• The prize was awarded to Paul Milgrom and Robert Wilson for their work on auctions
  • Their research helped economists understand not only the basic interactions of auctioneers and rulesets, but also how those rules could maximize the public good
  • Their auction formats were used to unify the radio frequency market, and are employed by various governments

Two American economists have earned this year’s Nobel Memorial Prize in economic sciences for their work on auction theory and format. Paul Milgrom and Robert Wilson were awarded the prize not only for their contributions to our understanding of how auctions work, but for the practical impact they’ve had in creating rulesets to maximize the public good.

Auctions are a fundamental part of economies, affecting everything from small exchanges like eBay purchases to some of the largest sales there are, such as the distribution of radio frequencies by governments. They involved complex interactions, with limited information between many parties who often place different values on the item in question.

The 102-carat white diamond will go up for auction on October 5, 2020 in Hong Kong
The 102-carat white diamond will go up for auction on October 5, 2020 in Hong Kong AFP / Angela Weiss

Wilson’s work on objects with a common value between actors, such as mineral deposits or radio frequencies, laid the groundwork for our understanding of auction dynamics. The theories he developed allowed world governments to convert what was an inefficient and fragmented radio market into a unified system and billions in public profits. His work continues to be used worldwide.

Milgrom studied the various strategies bidders employ, helping determine what rules resulted in the best outcomes. His work moved auctions toward formats that give more information to bidders and result in larger payments.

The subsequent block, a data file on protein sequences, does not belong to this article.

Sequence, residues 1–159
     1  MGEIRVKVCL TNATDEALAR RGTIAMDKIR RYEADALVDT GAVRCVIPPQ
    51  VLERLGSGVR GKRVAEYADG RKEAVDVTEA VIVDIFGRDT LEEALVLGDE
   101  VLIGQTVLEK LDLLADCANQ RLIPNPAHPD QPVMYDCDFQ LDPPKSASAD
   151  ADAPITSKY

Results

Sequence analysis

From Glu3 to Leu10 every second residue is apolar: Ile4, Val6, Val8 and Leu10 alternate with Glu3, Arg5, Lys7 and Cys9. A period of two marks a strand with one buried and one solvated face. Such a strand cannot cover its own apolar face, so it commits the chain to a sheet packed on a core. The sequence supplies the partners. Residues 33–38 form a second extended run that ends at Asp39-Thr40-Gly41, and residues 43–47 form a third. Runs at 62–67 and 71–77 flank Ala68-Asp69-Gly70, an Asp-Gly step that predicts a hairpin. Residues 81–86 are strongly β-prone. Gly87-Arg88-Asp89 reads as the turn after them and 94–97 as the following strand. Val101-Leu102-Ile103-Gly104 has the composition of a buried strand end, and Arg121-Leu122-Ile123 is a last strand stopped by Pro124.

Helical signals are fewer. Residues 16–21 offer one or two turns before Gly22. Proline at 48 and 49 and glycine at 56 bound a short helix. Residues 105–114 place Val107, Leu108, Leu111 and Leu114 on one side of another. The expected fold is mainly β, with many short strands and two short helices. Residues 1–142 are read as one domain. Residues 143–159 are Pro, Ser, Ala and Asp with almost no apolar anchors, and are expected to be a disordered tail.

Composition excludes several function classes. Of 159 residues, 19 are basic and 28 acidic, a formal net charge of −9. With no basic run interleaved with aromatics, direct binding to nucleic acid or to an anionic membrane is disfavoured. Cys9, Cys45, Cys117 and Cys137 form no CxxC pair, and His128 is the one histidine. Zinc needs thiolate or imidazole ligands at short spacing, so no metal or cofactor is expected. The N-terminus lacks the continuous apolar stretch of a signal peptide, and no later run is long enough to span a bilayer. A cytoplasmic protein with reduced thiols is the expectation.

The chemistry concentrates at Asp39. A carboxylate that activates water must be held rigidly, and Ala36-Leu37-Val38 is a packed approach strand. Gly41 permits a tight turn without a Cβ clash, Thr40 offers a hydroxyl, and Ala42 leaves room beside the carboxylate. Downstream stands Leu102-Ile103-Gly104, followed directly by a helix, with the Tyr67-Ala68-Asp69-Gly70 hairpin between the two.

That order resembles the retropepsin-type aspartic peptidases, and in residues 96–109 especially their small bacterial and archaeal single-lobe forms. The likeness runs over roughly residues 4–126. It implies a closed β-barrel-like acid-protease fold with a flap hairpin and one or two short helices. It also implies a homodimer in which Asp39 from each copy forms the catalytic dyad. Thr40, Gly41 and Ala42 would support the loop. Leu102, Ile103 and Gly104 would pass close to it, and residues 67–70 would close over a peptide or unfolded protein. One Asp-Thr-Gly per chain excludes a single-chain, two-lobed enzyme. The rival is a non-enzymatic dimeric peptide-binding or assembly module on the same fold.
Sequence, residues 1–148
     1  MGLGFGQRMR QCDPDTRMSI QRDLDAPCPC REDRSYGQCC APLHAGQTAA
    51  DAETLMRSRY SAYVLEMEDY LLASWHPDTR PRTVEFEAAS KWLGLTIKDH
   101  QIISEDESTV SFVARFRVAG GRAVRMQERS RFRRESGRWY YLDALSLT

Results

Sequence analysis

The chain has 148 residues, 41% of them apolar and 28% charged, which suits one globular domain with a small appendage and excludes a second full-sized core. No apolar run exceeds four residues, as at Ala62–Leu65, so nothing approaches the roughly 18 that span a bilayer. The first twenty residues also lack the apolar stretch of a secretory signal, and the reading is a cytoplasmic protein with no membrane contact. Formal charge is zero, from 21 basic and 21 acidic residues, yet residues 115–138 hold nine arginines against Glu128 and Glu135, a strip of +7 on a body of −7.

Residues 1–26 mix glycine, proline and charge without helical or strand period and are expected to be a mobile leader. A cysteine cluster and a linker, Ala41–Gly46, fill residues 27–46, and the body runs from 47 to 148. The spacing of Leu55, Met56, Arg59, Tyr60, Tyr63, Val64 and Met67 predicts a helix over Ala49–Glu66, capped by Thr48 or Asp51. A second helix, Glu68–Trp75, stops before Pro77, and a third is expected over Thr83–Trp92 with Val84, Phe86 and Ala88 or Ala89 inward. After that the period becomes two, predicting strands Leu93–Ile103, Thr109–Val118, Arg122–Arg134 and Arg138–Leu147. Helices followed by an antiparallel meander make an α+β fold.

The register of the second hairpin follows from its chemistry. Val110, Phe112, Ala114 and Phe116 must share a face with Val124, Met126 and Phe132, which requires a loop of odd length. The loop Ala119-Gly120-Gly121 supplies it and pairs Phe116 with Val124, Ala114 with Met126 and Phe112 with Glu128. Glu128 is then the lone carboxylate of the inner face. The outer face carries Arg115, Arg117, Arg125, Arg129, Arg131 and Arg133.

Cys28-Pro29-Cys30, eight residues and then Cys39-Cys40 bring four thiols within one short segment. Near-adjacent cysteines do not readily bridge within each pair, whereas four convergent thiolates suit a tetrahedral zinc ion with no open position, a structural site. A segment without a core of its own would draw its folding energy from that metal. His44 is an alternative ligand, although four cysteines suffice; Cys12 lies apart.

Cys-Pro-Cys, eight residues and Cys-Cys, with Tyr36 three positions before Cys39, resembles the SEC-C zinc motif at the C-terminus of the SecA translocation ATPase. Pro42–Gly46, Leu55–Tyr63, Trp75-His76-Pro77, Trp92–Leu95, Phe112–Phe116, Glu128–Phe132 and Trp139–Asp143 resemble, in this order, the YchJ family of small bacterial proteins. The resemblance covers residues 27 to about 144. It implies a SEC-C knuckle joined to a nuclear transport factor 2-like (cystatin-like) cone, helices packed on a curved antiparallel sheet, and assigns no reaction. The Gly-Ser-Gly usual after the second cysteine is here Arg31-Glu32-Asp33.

The two of them took their basic theories and developed them into systems that could be used by governments. Their formats prioritizing the public good were first instituted in 1994 for selling radio frequencies, and quickly adopted by governments beyond the U.S.

The prize committee emphasized the importance of collective good in their selection. In the press release announcing it, prize committee chair Peter Fredriksson said: “This year’s laureates in economic sciences started out with fundamental theory and later used their results in practical applications, which have spread globally. Their discoveries are of great benefit to society.”

Stanford President Marc Tessier-Lavigne touched on similar points in a press release, stating: “Their insights into bidding and pricing have become integral to our modern economy. Their work is a shining example of the ways in which both fundamental discovery and its application to practical solutions make enormous contributions."

The two will share just over $1 million in prize money.